San Andrés Church

Valdebárcena, Spain

Iglesia de San Andrés is a 12th-century, Romanesque-style, Roman Catholic church established in 1189.


Your name


Founded: 1189
Category: Religious sites in Spain


4.7/5 (based on Google user reviews)

User Reviews

Victor Albi (12 months ago)
Muy guapa, buen románico. Habría que conservarla mejor.
Aristeo Calderon. (15 months ago)
Beautiful Romanesque monument, which is worth visiting, it is precious and its stones count, what has been lived for many centuries, I hope it was more pampered and cared for.
Felisa Blanco Fernandez (15 months ago)
Pre-Romanesque church in a small village, it is very beautiful but in very bad condition, the roof needs to be repaired and the stone cleaned, or it will end up like the house next door
Miguel Martínez Trullén (2 years ago)
Yet another of those charming examples of Asturian Romanesque architecture that unite the wonder of its enclave, a secluded valley very close to San Salvador de Valdediós, with the trace of architectural harmony that reaches the bottom of the spirit.
Gustave Dassault (2 years ago)
Magnificent surroundings the visits of the church with established days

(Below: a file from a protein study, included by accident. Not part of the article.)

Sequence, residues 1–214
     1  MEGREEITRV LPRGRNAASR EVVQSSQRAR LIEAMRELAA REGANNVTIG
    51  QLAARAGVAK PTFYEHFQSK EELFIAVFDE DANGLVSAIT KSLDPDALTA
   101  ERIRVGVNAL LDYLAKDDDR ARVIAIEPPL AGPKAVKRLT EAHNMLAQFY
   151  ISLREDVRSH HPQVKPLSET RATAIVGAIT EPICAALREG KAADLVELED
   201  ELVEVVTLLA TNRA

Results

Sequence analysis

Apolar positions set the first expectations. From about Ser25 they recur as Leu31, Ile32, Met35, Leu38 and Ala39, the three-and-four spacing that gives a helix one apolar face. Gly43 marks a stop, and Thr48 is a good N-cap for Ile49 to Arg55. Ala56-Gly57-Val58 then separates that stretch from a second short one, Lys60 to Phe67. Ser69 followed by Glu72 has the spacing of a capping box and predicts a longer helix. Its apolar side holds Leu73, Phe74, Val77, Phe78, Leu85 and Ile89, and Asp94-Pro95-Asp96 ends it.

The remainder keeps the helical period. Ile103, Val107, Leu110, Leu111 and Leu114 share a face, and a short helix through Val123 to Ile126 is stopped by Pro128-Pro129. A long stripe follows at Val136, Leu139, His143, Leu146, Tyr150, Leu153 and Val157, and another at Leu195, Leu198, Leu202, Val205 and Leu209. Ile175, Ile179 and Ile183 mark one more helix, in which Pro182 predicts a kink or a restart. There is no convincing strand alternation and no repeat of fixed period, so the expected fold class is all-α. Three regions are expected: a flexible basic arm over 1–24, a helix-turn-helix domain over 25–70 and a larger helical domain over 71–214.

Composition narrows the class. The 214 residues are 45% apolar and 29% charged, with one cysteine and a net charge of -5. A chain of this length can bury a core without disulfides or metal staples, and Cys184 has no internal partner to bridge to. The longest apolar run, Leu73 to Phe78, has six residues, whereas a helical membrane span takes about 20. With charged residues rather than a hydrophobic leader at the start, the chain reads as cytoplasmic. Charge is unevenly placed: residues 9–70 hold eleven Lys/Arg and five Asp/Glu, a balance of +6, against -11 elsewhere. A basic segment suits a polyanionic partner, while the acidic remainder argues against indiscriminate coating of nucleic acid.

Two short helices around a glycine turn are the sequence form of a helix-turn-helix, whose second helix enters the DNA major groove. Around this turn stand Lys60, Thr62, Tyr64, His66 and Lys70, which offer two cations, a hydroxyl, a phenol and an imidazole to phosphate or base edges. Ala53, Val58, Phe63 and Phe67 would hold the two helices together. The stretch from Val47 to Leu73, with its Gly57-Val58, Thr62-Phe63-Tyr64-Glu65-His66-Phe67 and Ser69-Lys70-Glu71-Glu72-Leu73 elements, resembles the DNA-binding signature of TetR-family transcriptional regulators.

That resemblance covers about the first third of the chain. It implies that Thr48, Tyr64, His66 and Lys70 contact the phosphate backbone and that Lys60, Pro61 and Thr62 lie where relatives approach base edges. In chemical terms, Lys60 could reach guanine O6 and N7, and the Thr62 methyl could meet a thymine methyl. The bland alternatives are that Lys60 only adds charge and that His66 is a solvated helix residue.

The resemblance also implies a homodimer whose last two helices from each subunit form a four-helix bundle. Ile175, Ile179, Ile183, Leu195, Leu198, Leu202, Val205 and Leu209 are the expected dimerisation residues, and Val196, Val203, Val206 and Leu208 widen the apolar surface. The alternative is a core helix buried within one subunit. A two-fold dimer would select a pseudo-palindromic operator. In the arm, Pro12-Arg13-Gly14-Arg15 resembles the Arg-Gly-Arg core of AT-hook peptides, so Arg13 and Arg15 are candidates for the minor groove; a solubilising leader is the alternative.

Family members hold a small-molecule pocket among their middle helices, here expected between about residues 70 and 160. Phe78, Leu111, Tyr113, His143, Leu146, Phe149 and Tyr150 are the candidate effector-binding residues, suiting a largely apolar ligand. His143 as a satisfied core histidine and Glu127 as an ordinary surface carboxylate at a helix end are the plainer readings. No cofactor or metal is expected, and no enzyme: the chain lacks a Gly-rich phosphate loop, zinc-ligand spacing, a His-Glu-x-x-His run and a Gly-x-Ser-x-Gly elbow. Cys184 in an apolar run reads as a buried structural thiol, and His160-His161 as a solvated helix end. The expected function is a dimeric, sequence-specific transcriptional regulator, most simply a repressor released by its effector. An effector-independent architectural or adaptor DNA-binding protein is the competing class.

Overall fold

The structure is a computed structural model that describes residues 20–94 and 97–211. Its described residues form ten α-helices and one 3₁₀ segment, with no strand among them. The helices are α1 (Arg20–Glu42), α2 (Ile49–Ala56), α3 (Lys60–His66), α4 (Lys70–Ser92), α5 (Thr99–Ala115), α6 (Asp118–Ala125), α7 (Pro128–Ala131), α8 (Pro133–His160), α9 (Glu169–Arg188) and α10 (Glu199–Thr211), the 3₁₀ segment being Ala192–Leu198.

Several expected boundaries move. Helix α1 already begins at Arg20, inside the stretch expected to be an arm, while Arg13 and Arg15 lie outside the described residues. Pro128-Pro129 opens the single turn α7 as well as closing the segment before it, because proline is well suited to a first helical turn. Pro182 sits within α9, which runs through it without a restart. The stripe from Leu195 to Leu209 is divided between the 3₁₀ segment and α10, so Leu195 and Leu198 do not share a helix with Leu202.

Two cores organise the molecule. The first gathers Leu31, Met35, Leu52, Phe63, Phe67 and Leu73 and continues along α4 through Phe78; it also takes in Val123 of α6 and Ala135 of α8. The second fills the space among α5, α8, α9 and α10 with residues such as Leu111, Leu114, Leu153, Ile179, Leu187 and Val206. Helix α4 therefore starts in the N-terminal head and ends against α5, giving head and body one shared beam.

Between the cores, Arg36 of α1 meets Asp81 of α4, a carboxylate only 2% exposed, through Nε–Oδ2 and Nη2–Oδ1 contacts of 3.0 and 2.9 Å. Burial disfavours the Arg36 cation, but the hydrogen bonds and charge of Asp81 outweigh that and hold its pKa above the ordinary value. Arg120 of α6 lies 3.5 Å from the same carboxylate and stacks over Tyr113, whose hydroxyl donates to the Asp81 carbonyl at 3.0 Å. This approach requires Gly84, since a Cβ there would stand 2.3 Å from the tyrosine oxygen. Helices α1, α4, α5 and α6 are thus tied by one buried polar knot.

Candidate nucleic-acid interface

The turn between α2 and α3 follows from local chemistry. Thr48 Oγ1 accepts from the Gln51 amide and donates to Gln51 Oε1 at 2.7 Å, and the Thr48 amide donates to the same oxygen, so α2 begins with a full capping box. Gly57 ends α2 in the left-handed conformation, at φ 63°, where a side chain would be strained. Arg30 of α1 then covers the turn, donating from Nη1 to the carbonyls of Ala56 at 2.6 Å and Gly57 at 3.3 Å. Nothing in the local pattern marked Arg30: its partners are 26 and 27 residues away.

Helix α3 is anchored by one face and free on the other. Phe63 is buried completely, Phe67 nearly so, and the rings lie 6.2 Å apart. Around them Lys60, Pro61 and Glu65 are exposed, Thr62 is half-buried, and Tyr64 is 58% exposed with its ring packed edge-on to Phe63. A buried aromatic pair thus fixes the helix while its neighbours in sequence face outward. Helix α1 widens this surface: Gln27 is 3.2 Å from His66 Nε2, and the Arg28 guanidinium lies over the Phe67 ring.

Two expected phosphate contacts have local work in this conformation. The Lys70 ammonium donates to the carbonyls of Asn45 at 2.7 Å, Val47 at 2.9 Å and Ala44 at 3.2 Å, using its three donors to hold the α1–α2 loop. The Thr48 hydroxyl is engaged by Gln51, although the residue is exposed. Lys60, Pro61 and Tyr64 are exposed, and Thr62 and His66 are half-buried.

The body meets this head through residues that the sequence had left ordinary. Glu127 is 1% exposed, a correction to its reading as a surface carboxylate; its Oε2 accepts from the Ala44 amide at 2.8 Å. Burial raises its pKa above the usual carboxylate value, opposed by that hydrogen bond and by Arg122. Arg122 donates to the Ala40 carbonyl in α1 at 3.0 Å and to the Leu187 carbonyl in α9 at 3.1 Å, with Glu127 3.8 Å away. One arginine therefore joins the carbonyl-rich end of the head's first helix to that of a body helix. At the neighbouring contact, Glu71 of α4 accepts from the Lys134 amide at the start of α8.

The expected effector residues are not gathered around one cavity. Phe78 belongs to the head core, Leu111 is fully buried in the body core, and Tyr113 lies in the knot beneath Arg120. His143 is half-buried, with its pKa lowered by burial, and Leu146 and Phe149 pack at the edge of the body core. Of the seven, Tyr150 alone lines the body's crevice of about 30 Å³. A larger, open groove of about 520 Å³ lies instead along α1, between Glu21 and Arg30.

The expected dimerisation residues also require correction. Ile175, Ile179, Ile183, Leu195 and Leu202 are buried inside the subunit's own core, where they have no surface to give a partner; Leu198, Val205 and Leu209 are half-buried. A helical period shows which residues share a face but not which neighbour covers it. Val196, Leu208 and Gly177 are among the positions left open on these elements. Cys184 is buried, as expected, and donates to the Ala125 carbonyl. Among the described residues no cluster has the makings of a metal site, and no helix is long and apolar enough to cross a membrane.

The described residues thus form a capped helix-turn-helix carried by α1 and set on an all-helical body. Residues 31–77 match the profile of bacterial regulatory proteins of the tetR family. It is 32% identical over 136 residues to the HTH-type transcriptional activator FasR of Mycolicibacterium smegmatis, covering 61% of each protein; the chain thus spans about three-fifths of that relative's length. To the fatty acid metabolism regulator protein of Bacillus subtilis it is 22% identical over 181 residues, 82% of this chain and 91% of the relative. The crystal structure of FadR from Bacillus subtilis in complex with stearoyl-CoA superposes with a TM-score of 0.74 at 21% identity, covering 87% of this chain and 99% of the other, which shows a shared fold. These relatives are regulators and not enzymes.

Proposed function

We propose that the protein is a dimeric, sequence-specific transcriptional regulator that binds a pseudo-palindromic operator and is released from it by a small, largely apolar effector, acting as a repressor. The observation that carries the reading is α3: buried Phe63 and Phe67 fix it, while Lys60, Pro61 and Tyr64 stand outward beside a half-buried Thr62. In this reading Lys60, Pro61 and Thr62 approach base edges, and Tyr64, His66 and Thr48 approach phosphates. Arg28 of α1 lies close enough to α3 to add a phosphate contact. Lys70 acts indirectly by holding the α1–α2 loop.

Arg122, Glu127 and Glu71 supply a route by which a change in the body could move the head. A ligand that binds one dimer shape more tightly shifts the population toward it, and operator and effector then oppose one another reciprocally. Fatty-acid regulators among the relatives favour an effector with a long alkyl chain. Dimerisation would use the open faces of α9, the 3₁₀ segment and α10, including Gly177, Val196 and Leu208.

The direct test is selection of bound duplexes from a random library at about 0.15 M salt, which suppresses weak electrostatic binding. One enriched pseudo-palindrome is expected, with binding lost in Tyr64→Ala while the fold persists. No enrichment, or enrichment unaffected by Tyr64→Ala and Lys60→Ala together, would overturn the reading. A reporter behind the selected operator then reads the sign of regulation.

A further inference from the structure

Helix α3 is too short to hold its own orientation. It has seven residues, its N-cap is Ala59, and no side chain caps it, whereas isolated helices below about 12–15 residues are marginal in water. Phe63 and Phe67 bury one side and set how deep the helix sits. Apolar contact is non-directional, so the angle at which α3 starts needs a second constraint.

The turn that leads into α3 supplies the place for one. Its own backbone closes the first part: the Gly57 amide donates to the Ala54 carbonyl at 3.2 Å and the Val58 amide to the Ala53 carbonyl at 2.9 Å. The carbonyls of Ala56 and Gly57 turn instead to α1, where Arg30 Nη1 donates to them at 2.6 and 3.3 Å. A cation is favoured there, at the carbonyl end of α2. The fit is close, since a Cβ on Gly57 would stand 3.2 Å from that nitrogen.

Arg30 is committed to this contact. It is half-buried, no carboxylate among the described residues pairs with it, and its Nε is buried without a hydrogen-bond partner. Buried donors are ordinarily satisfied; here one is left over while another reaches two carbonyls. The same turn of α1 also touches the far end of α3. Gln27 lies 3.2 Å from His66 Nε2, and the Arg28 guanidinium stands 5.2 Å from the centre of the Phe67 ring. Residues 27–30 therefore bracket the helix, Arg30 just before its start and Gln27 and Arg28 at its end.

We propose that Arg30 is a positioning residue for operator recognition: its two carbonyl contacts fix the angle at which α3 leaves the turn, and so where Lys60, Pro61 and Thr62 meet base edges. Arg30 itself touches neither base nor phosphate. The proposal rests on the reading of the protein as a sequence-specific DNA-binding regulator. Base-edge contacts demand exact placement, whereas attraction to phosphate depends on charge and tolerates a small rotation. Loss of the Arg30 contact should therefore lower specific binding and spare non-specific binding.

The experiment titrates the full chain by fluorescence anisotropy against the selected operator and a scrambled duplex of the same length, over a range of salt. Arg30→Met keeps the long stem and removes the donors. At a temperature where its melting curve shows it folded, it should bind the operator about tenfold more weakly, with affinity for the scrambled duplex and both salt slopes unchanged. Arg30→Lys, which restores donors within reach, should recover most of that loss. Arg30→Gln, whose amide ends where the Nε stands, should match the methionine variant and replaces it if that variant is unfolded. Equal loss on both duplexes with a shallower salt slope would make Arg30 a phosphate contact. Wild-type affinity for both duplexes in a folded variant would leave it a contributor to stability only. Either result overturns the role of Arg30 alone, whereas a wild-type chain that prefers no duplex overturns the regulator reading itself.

Powered by Google

Featured Historic Landmarks, Sites & Buildings

Historic Site of the week

Petersberg Citadel

The Petersberg Citadel is one of the largest extant early-modern citadels in Europe and covers the whole north-western part of the Erfurt city centre. It was built after 1665 on Petersberg hill and was in military use until 1963. It dates from a time when Erfurt was ruled by the Electors of Mainz and is a unique example of the European style of fortress construction. Beneath the citadel is an underground maze of passageways that can be visited on guided tours organised by Erfurt Tourist Office.

The citadel was originally built on the site of a medieval Benedictine Monastery and the earliest parts of the complex date from the 12th century. Erfurt has also been ruled by Sweden, Prussia, Napoleon, the German Empire, the Nazis, and post-World War II Soviet occupying forces, and it was part of the German Democratic Republic (East Germany). All of these regimes used Petersberg Citadel and had an influence on its development. The baroque fortress was in military use until 1963. Since German reunification in 1990, the citadel has undergone significant restoration and it is now open to the public as a historic site.